In the past 20 or so years, very few and I am being very charitable here that very few skilled entertainers have been able to build a brand name for themselves with a strategic orientation, changing the primary focus from managing short-terms financials, to the development and maintenance of assets and skills. When I say a brand name, I am speaking from a professional brand management view point, that very few “brand names” on the scene either currently or past, have been able to build an equity around its name or imagery that adds to the value provided by their skills (music, movie or theater) to their customers.
To continue, I would like to quote Stephen King (WPP Group-London) when he said.” A product is something made in the factory, a brand is something bought by a customer. A product can be copied by a competitor, a brand is unique. A product can be quickly outdated, a successful brand is timeless”.
From the look of things and based on several years of participating and observing the Ghanaian entertainment industry, I can state categorically that there is not a brand name in the entertainment industry that can be validated to have obtained the requisite brand equity that is praise worthy as compared to other parts of our world. This in my view is the explicit reason why the debate or rather intellectual discourse between entertainers or entertainment professionals and brand management experts must start now.
No doubt notable brand names in the entertainment industry can be mentioned – Kojo Antwi, Papa Yanson, Reggie Rockstone, Sarkodie, Daddy Lumba, Majid Michel, Van Vicker, etc. But my question is this, how much equity can be leveraged from their names. Let me bring it better to life by defining brand equity from David A Aaker’s point of view – Brand equity is a set of brand assets (skills) and liabilities linked to a brand. Its name and symbol or simply put “the commercial value of all associations and expectations, positive or negative that people have of the organization (Record label) and its product (Artist)”. My focus in this regards is the management of the brand’s commercial value from brand marketing environment.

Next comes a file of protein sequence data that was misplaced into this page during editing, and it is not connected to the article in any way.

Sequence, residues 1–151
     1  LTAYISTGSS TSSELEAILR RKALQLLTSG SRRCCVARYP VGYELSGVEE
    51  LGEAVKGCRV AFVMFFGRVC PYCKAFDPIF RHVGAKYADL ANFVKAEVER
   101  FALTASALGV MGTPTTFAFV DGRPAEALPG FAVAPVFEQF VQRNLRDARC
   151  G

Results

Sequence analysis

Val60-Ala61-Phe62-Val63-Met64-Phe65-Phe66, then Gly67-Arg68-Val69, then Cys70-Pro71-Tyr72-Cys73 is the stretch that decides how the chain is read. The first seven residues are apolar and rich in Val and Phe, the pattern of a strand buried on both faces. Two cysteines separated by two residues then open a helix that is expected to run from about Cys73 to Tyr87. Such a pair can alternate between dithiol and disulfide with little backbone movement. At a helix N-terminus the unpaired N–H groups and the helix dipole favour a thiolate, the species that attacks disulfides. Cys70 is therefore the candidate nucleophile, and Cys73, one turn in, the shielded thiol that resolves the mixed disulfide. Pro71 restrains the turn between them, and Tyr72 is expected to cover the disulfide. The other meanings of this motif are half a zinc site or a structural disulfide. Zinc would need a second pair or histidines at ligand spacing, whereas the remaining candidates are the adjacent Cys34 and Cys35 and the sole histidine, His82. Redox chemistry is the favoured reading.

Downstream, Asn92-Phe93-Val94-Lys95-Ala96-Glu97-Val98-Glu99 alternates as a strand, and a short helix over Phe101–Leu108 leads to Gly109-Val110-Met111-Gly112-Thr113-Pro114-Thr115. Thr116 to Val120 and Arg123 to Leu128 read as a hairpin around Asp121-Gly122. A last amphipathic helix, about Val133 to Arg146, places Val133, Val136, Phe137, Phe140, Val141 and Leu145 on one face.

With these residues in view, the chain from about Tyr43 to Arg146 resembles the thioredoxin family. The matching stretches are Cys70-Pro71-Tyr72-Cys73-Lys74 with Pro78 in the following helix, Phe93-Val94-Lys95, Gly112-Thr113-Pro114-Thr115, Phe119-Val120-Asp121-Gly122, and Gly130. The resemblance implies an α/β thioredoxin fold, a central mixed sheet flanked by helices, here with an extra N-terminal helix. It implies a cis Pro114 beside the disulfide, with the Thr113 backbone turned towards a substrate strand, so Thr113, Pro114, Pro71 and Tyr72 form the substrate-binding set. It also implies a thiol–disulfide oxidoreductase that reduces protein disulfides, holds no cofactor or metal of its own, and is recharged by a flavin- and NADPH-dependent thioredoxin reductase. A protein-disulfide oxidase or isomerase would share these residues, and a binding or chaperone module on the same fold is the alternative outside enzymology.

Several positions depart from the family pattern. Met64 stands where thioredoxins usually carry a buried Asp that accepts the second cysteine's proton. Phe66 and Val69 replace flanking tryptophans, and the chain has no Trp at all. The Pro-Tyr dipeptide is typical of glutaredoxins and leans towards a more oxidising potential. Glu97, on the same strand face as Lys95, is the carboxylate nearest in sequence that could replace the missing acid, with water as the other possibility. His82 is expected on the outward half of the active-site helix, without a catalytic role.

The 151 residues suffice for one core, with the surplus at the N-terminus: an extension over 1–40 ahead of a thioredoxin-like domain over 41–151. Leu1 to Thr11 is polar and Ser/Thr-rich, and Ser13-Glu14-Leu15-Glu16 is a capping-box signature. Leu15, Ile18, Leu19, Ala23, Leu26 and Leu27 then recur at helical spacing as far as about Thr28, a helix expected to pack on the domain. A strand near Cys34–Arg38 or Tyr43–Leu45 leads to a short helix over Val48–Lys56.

It is very evident that in the Ghanaian Music entertainment business, very few professional are involved in the trade. Let me qualify what I mean by this, while the Artists, Producers, Engineers, and some Managers are professional in their own rights, my concern is about the main business aspect of the entertainment business. A look into most music camps, one would easily see that the key players (team) around some of our artists are family and friends or a one man management system with very little or no prerequisite entertainment or music business management know how or experience. This in my honest view is the major limitation to the proper management of the commercial value or “Brand Equity” of the artist.
ARTISTE MANAGEMENT TEAM
In the music business as an example, the typical artiste’s team of any agreeable standard that would help maximize an artist’s career and net worth should include but not limited to:
1. Personal Manager
2. Attorney (lawyer)
3. Business Manager
In addition, my call is for brand management professionals in the team. In today’s the entertainment or FMCG markets, brands are the core to each enterprise. And until Artists or generally speaking entertainers begin to see themselves as a “Brand” or as a business (even though your skills are creative, you’re capable of generating multimillion cedis yearly), and thus must think of yourself as a business needing professional help and support from other professionals of different disciplines. If not your growth and brand equity would continue to see short- term financials and never cross the thresh-hold.